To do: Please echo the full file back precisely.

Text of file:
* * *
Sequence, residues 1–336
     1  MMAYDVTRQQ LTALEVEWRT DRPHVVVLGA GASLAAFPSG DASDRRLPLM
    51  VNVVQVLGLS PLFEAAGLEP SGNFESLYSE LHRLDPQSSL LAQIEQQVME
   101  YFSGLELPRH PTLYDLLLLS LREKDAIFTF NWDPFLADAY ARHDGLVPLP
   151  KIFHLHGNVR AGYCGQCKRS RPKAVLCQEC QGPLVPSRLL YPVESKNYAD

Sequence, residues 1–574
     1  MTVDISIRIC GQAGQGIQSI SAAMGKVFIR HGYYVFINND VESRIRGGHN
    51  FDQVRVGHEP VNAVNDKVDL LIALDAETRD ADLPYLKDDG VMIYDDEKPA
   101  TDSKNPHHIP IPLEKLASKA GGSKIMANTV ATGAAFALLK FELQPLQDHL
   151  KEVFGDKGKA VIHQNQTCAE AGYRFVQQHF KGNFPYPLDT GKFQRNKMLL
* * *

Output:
Sequence, residues 1–336
     1  MMAYDVTRQQ LTALEVEWRT DRPHVVVLGA GASLAAFPSG DASDRRLPLM
    51  VNVVQVLGLS PLFEAAGLEP SGNFESLYSE LHRLDPQSSL LAQIEQQVME
   101  YFSGLELPRH PTLYDLLLLS LREKDAIFTF NWDPFLADAY ARHDGLVPLP
   151  KIFHLHGNVR AGYCGQCKRS RPKAVLCQEC QGPLVPSRLL YPVESKNYAD

Sequence, residues 1–574
     1  MTVDISIRIC GQAGQGIQSI SAAMGKVFIR HGYYVFINND VESRIRGGHN
    51  FDQVRVGHEP VNAVNDKVDL LIALDAETRD ADLPYLKDDG VMIYDDEKPA
   101  TDSKNPHHIP IPLEKLASKA GGSKIMANTV ATGAAFALLK FELQPLQDHL
   151  KEVFGDKGKA VIHQNQTCAE AGYRFVQQHF KGNFPYPLDT GKFQRNKMLL